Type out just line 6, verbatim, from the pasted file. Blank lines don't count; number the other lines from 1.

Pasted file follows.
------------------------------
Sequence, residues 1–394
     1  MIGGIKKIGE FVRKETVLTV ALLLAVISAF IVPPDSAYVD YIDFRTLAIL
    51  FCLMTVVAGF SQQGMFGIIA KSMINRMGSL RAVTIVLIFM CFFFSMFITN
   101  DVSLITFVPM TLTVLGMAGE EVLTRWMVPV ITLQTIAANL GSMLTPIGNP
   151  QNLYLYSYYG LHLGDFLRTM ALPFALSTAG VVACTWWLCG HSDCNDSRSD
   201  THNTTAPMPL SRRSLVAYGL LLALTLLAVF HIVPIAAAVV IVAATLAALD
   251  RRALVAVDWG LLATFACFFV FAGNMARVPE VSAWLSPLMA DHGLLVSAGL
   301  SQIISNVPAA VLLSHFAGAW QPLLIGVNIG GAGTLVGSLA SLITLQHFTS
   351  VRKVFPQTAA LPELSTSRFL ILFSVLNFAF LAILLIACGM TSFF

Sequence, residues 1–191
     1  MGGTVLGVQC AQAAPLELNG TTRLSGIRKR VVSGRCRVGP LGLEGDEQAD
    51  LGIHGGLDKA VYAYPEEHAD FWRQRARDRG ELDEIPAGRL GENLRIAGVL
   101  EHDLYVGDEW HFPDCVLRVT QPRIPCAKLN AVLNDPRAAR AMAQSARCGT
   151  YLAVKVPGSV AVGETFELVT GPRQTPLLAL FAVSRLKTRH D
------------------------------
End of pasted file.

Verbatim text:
   201  THNTTAPMPL SRRSLVAYGL LLALTLLAVF HIVPIAAAVV IVAATLAALD